Another very old building is the Ypres Tower/Rye Castle which now houses a museum. The tower has nothing to do with the Belgian town of the same name. It once belonged to a cloth merchant, Jean d’Ypres, and the name has stuck.

Ypres Tower, Rye, East Sussex

Ypres Tower, Rye

Ypres Tower, Rye, East Sussex

There is an old pair of stocks still standing just outside the east end of the Tower:-

Ypres Tower , (stocks), Rye, East Sussex

Soviet Aircraft Parts and Art Deco in Rye

The first place we entered in Rye, apart from the hotel, was an antique shop.

Imagine my surprise to find the tail fins from a Soviet MiG Fighter for sale!

MiG Fighter Tail Planes

There was also this Art Deco poster of Bexhill-on-Sea, featuring the town’s iconic Art Deco/Moderne De La Warr Pavilion:-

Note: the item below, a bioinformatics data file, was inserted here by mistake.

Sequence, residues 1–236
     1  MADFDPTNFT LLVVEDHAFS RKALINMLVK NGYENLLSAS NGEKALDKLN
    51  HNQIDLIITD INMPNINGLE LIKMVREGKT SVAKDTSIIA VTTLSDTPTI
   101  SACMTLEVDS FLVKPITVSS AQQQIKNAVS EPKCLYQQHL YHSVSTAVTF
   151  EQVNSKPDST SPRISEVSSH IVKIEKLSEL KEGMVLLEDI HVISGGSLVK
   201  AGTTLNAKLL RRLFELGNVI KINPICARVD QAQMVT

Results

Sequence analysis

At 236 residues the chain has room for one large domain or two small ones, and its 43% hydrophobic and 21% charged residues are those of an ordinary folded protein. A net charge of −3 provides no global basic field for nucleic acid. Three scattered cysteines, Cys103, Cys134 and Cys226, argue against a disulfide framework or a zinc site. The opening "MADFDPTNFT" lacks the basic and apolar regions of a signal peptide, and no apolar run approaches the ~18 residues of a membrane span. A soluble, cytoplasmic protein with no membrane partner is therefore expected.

Art Deco Poster of Bexhill-on-Sea

And a jolly elephant (the company’s logo is an elephant) on a French (language) advert for Côte d’Or milk chocolate with the added bonus of an Art Deco style building in the background:-

Art Deco Picture

Rye, East Sussex, England

Our furthest flung destination in September last year was Rye in East Sussex. The good lady had always wanted to visit as she is a keen fan of E F Benson’s Mapp and Lucia books and they were set in Rye where Benson lived for a long time. He in fact became mayor of the town.

Benson called his fictional town Tilling, naming it after the (very tidal) River Tillingham which flows through the town and on whose banks our hotel stood.

River Tillingham, Rye, East Sussex, England

Rye, River Tillingham

River Tillingham at Rye

Rye, River Tillingham and Buildings

River Tillingham (and River Haven Hotel, the main building over the river):-

River Tillingham and River Haven Hotel, Rye

Bellwatch Lane, Rye. I believe this bell was set up here to warn of French invaders:-

Belllwatch Lane, Rye